Your browser isn't supported
It looks like you're using an old web browser. To get the most out of the site and to ensure guides display correctly, we suggest upgrading your browser now. Download the latest:

Welcome to the MSE Forums

We're home to a fantastic community of MoneySavers but anyone can post. Please exercise caution & report spam, illegal, offensive or libellous posts/messages: click "report" or email forumteam@.

Search
  • FIRST POST
    • Timray87
    • By Timray87 7th Aug 18, 7:29 PM
    • 1Posts
    • 0Thanks
    Timray87
    Maximizing my savings, what ISA to use?
    • #1
    • 7th Aug 18, 7:29 PM
    Maximizing my savings, what ISA to use? 7th Aug 18 at 7:29 PM
    So ive been paying into a HTB ISA since Dec 2015 and have roughly 7.5k in there. Will be using this money (along with other savings for my first house).

    Im looking at opening another ISA to siphen off 25% of my earnings to pay my Tax (im self employed). I would rather do this as i would earn more interest than in a current account.

    Can I do his whilst still paying into a HTB? I dont plan on putting more than 20k in a year and will empty the second ISA when the time comes to pay my Tax.

    If so what ISA would be best?

    * might be worth mentioning I invest money seperately in the stock market for the house deposit/reirement.

    Thanks in advance
Page 1
    • masonic
    • By masonic 7th Aug 18, 7:39 PM
    • 10,291 Posts
    • 7,644 Thanks
    masonic
    • #2
    • 7th Aug 18, 7:39 PM
    • #2
    • 7th Aug 18, 7:39 PM
    No you cannot pay into a HTB ISA and another cash ISA in the same tax year, unless you use a split-ISA provider (for example Nationwide). However, this could give you a lower return overall vs. saving into a taxable account and the best HTB ISA. It will all depend on your marginal rate of tax, if you have any unused personal savings allowance, the likely amount you will end up saving and how long before you purchase a house.
    • Dazed and confused
    • By Dazed and confused 7th Aug 18, 10:28 PM
    • 3,289 Posts
    • 1,657 Thanks
    Dazed and confused
    • #3
    • 7th Aug 18, 10:28 PM
    • #3
    • 7th Aug 18, 10:28 PM
    If you are a low earner and therefore cannot make use of the Personal Savings Allowance then the savings starter rate of tax would apply

    This allows you to have upto 5,000 of taxable interest taxed at a 0%.
    • mije1983
    • By mije1983 8th Aug 18, 1:30 PM
    • 3,553 Posts
    • 20,283 Thanks
    mije1983
    • #4
    • 8th Aug 18, 1:30 PM
    • #4
    • 8th Aug 18, 1:30 PM
    Im looking at opening another ISA to siphen off 25% of my earnings to pay my Tax (im self employed). I would rather do this as i would earn more interest than in a current account.
    Originally posted by Timray87

    Do you have a lot of savings? Are you a basic rate or higher rate taxpayer? If you are a basic rate, you get 1000 of interest tax free, higher rate you get 500. So unless you will exceed those figures, it's not usually worth opting for an ISA which mostly have lower rates.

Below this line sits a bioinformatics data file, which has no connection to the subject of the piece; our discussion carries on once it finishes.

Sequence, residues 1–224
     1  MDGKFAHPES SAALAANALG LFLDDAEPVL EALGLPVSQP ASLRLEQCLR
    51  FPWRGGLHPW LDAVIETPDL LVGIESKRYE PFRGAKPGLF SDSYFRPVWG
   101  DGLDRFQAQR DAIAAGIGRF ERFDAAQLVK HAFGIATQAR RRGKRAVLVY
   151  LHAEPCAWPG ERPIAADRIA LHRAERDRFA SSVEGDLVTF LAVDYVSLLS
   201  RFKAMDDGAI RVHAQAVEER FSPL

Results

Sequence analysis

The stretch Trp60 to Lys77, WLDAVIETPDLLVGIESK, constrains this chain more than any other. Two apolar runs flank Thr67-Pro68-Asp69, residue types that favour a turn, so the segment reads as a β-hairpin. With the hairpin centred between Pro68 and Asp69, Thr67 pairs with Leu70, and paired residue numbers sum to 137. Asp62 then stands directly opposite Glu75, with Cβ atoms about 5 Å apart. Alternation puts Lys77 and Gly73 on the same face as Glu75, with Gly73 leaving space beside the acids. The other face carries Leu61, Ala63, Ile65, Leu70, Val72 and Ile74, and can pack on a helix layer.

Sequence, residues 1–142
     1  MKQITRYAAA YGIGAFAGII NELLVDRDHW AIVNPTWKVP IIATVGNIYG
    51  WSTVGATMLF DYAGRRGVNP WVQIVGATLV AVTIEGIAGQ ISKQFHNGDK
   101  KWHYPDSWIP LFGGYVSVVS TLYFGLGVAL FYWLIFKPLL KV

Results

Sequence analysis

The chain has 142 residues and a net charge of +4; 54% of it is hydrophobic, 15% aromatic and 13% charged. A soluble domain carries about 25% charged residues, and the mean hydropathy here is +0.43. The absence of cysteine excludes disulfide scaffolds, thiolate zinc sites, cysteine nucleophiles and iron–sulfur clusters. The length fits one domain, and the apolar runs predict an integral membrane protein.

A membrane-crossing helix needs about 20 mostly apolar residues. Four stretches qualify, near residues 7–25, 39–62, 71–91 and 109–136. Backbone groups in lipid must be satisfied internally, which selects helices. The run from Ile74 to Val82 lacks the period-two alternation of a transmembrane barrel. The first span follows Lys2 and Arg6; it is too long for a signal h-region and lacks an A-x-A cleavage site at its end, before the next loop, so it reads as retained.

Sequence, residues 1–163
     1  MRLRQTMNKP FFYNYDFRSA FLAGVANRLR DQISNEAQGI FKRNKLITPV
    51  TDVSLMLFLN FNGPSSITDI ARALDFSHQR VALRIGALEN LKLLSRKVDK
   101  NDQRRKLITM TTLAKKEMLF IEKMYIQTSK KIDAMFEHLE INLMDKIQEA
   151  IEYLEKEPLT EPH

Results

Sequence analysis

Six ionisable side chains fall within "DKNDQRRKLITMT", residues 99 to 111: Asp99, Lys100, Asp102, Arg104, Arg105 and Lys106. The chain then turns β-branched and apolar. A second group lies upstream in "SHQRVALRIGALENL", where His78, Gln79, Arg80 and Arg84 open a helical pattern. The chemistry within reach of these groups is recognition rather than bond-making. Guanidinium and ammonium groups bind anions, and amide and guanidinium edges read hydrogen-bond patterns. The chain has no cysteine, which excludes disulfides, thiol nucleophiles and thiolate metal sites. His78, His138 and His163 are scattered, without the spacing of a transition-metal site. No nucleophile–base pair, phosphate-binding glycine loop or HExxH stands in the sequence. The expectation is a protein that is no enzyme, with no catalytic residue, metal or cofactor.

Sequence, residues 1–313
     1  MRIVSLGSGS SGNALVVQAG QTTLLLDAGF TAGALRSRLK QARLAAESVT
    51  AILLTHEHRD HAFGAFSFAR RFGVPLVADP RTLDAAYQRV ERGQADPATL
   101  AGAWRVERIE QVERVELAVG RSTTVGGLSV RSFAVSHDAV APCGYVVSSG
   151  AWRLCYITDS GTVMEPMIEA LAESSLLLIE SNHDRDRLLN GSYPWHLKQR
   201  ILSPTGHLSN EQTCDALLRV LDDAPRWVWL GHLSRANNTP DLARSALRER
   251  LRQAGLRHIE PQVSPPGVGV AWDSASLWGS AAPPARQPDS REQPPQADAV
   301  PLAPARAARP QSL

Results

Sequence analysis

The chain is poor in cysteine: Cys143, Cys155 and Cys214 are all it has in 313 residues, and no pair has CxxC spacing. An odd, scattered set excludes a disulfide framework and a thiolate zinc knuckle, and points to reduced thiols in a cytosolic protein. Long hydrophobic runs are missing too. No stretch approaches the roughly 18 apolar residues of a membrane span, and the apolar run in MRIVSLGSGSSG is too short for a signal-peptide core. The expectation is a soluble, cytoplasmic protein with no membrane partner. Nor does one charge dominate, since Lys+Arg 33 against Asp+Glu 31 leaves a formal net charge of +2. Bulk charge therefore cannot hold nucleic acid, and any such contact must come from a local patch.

For example, the top easy access ISA is 1.35%, and top 1 year fix is 1.46%. Many better savings options out there, even through current accounts.

    Is your investment for house purchase/retirement in a LISA or S&S ISA? If so, that is also protected from tax.

    • Dazed and confused
    • By Dazed and confused 8th Aug 18, 8:11 PM
    • 3,289 Posts
    • 1,657 Thanks
    Dazed and confused
    • #5
    • 8th Aug 18, 8:11 PM
    • #5
    • 8th Aug 18, 8:11 PM
    If it's not in an ISA (or other genuinely tax exempt account) then the interest is not "tax free".

    Might not affect the op bit higher rate payers can easily have an extra 100 tax to pay as a result of the 500 interest you describe as "tax free".

    Same scenario for some basic rate payers. Only 5% extra tax for them but it is still extra to pay.
    • mije1983
    • By mije1983 10th Aug 18, 12:31 AM
    • 3,553 Posts
    • 20,283 Thanks
    mije1983
    • #6
    • 10th Aug 18, 12:31 AM
    • #6
    • 10th Aug 18, 12:31 AM
    If it's not in an ISA (or other genuinely tax exempt account) then the interest is not "tax free".
    Originally posted by Dazed and confused
    If it's sufficiently correct wording for HMRC to use, then it's good enough for me

    You may also get up to 1,000 of interest tax-free depending on which Income Tax band you're in.
    Last edited by mije1983; 10-08-2018 at 12:33 AM.

    • Dazed and confused
    • By Dazed and confused 10th Aug 18, 7:47 AM
    • 3,289 Posts
    • 1,657 Thanks
    Dazed and confused
    • #7
    • 10th Aug 18, 7:47 AM
    • #7
    • 10th Aug 18, 7:47 AM
    Sadly whoever writes that tosh for gov.uk has a serious lack of knowledge about income tax!

    It appears they still believe the PSA is actually an allowance :-)
    • Mr.Saver
    • By Mr.Saver 15th Aug 18, 10:37 PM
    • 79 Posts
    • 13 Thanks
    Mr.Saver
    • #8
    • 15th Aug 18, 10:37 PM
    • #8
    • 15th Aug 18, 10:37 PM
    Since you are going to empty the "second ISA" within a year of time, you won't benefit from the tax shelter in the long run, so this entire question has become much simpler: Which way you get the most money? Saving in an ISA with lower interest, or outside an ISA with higher interest but pay tax?

    Top current account currently pays 5%. Depends on your tax band, you will pay up to 45% tax on the interest outside an ISA, but even after the 45% tax, you still get 5% * 55% = 2.75%, a lot higher than the top cash ISA which pays 1.54% fixed for 1 year.
Welcome to our new Forum!

Our aim is to save you money quickly and easily. We hope you like it!

Forum Team Contact us

Live Stats

1,175Posts Today

6,893Users online

Martin's Twitter